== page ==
Brain injury, which includes traumatic brain injury or TBI and acquired brain injury or ABI, is recognized as the fastest growing epidemic in the U.S. by the Center for Disease Control. TBI is a head injury caused by an external physical force. ABI refers to any type of brain damage occurring after birth that is not hereditary, congenital, degenerative, or the result of an external impact.
The Center for Disease Control estimates that an estimated 1.7 million people sustain a TBI annually. Every 18.5 seconds someone in the U.S. suffers a TBI. As the year 2012 comes to an end, we’d like to feature a few of the survivors’ stories we’ve featured on our website over the past year.
There have been two constants in Kelley Linn’s life for over a year now: her love of volleyball and painful headaches from two concussions she sustained while playing volleyball. Both concussions kept Kelley out of school – her first injury kept her out of school for four weeks. Her second concussion left her with severe headaches, required her to stay out of school for weeks and see a concussion specialist . She began homebound instruction, started a 504 accommodation plan and eventually, gradually resumed classes. Now an ambassador speaker for BIA-MA, Kelley Linn helps the Organization raise awarenesss about concussions and brain injuries as she continues to heal. Click here to read her full story.
At just eight years old, Katie Atchue suffered an arteriovenous malformation (AVM) hemorrhage. The condition is present at birth and happens when arteries in the brain connect directly to veins without the necessary capillaries between them. The incident occurs in only 1 percent of the population and the effects can be devastating. As a result, Katie lost her abilities to speak and eat and her short-term memory was affected. Sometimes, she also finds it difficult to focus. However, Katie never gave up. She had to learn how to walk again again, hold her head up by herself and use her communication device called a DynaVox. Today, Katie volunteers at BIA-MA once a week and has met other survivors through BIA-MA’s PALS program. Click here to read Katie’s full story.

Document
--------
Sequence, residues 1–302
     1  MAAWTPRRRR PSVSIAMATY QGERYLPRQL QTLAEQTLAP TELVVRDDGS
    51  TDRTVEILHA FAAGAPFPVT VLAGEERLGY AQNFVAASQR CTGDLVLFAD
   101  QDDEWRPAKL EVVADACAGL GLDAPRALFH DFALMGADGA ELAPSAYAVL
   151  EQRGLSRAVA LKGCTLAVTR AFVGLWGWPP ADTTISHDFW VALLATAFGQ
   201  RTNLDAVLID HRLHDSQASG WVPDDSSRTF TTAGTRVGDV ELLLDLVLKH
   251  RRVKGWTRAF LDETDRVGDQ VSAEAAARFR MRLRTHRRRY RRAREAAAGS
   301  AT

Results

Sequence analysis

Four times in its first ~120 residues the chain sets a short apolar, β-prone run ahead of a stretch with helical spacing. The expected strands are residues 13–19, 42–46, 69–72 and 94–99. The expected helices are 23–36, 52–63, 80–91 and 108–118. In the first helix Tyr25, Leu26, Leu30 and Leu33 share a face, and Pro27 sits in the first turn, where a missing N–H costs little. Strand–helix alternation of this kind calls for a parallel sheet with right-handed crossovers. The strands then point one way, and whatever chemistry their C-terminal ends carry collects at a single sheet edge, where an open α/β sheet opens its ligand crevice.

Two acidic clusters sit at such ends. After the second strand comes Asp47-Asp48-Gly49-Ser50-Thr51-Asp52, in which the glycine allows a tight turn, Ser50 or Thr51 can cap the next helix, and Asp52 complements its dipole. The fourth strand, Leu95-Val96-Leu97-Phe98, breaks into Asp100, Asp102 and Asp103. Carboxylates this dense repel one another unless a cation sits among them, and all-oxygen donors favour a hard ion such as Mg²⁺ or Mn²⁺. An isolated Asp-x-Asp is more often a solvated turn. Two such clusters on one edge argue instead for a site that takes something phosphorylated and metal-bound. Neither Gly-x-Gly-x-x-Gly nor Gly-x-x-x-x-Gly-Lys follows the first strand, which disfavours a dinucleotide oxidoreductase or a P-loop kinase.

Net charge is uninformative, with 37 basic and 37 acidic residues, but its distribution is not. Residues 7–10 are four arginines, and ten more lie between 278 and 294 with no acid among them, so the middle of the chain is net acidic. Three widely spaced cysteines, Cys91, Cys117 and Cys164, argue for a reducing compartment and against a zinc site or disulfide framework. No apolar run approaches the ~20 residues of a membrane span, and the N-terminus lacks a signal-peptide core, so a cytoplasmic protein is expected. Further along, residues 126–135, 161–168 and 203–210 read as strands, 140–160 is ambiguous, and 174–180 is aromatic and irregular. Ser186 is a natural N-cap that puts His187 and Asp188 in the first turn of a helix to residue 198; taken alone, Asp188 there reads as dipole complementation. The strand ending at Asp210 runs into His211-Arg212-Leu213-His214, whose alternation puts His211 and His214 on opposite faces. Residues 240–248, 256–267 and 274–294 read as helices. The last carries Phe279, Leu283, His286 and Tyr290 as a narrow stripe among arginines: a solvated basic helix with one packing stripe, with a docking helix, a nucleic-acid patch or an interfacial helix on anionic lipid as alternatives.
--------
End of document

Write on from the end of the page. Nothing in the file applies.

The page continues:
Joanne Susi, a life coach and motivational speaker, suffered a stroke while grocery shopping. Her stroke landed her in a nursing home and her doctors told her children she may never be able to walk again. Today, Joanne is living on her own in her own apartment after applying and qualifying for the ABI Waiver. She has regular aids who come over to assist her, but she’s able to do her own grocery shopping and cooking and she has a wonderful social life with family and friends. Click here to read Joanne’s full story.
Avid snowboarder Sean Rowell was in the eighth grade when he suffered a severe brain injury while snowboarding at a small terrain park. Although Sean doesn’t remember exactly how it happened, he believes he overshot the landing on his second jump and was knocked unconcious. He was in a coma for six days. Doctors said if he hadn’t been wearing a helmet, he would have died. After his stay in the hospital, he was transferred to Spaulding Rehabilitation Hospital in Boston for rehabilitation. Today, Sean is an Ambassador Speaker for BIA-MA and is still able to enjoy the snow through the Pre-Adaptive Coaching program at Loon Mountain. The program allows Sean to train in all the aspects of adaptive skiing including disability awareness, equipment use and maintenance, teaching techniques and skiing and riding. Click here to read Sean’s full story.
These stories are just some of the surviors’ stories on our website. To read more, click here.